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That Awkward Moment

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“That Awkward Moment” is like an unfunny, R-rated, bro-oriented “Seinfeld,” with three young New York dudes having zany mishaps — “I think the girl I hooked up with is a prostitute!” “I accidentally used skin-bronzer to pleasure myself!” — and trying to convince one another (and themselves) that they remain emotionally unattached to any of the women they sleep with. They have made a deal, you see: graphic-designer studs Jason (Zac Efron) and Daniel (Miles Teller) pledged to remain single in solidarity with their newly divorced doctor friend, Mikey (Michael B. Jordan), and to have only the most casual of sex with the various women in their “rosters.” (“Don’t you have a roster? You gotta have a roster!”) But Jason is falling for new girl Ellie (Imogen Poots), Daniel has commenced a non-platonic relationship with previously platonic friend Chelsea (Mackenzie Davis), and Mikey is secretly hooking up with his ex-wife (Jessica Lucas). Yada yada, sponge-worthy, Soup Nazi, etc.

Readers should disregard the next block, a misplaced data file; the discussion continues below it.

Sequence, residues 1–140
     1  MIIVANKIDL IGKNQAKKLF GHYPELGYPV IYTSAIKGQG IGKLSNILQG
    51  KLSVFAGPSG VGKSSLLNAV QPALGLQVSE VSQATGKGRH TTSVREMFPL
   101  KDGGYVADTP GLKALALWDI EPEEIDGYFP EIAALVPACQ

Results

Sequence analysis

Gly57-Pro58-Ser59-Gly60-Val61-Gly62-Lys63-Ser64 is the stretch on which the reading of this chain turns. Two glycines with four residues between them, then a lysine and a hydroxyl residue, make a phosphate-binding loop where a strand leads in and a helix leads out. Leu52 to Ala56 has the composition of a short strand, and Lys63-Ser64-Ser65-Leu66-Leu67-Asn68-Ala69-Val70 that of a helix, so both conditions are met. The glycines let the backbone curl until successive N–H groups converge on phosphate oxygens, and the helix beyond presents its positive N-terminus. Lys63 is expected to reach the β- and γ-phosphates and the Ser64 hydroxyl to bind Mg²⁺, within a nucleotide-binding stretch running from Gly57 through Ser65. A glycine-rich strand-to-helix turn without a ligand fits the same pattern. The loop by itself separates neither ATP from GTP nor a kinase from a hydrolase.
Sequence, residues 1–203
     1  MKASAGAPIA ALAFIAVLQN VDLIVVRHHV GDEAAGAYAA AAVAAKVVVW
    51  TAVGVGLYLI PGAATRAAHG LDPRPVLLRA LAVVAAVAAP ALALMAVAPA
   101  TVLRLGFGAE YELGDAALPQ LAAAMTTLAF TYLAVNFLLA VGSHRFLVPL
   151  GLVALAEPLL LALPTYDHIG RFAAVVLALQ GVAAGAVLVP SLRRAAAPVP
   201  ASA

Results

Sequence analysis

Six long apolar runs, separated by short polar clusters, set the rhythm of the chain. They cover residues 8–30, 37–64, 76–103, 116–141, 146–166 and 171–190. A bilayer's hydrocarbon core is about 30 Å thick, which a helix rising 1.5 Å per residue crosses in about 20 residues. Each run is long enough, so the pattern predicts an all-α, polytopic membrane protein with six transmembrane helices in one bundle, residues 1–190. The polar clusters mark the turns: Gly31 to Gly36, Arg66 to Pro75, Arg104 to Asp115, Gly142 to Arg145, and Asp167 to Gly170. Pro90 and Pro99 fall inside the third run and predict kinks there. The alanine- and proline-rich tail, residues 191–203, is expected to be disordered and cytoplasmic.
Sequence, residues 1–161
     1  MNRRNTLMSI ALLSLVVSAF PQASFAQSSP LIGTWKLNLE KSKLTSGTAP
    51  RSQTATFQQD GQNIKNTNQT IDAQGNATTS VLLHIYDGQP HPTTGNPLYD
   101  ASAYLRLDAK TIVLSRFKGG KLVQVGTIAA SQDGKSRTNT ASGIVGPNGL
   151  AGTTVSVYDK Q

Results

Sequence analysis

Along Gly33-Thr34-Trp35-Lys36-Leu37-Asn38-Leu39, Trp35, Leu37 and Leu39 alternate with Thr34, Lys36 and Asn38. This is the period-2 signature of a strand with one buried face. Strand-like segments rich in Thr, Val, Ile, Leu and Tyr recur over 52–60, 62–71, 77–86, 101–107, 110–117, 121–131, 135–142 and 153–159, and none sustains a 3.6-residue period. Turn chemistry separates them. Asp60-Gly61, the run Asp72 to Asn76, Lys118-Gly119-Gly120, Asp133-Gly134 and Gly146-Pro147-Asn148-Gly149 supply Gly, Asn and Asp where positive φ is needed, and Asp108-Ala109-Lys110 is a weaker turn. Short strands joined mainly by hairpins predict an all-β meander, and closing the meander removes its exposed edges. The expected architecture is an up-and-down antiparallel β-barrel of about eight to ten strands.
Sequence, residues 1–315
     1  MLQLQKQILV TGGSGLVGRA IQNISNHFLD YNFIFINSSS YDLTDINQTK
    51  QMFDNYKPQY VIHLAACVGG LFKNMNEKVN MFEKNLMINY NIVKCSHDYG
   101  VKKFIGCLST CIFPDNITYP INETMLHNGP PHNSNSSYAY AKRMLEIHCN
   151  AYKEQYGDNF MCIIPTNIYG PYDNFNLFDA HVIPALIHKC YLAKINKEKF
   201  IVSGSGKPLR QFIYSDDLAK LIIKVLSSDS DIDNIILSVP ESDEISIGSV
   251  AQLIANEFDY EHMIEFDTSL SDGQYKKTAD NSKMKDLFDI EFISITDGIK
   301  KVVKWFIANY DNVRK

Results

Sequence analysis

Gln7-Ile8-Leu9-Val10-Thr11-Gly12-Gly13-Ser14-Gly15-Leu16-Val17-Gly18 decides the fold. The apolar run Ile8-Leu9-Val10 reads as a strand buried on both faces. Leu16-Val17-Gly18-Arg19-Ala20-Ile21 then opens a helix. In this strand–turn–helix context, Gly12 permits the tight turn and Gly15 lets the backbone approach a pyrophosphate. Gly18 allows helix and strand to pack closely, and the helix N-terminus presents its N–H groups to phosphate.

First-time writer-director Tom Gormican makes a lot of rookie mistakes, like filling his screenplay with despicable characters and making them say and do stupid things. Ellie invites Jason to a “dress-up party,” meaning formal attire, but he takes it to mean “costume party,” and he shows up with a dildo hanging out of his pants, because that’s the sort of costume you wear to a party where you only know one person. Later, Jason doesn’t go to Ellie’s father’s funeral because he doesn’t want Ellie to think she’s his girlfriend. (Also, the funeral is on Thanksgiving, which the movie doesn’t even acknowledge is strange.) Instead, he goes to Chelsea’s parents’ swanky dinner party, where he walks in on Daniel and Chelsea having sex in the bathroom, because having sex in your parents’ unlocked bathroom in the middle of their fancy Thanksgiving feast is the sort of thing people do. The talents of the three leading men are wasted on a shallow, misguided story that lets them talk a lot about boners and pooping but gives them no opportunity to be funny or charming.

D+ (1 hr., 34 min.; R, abundant harsh profanity and vulgarity, partial nudity, some strong sexuality.)

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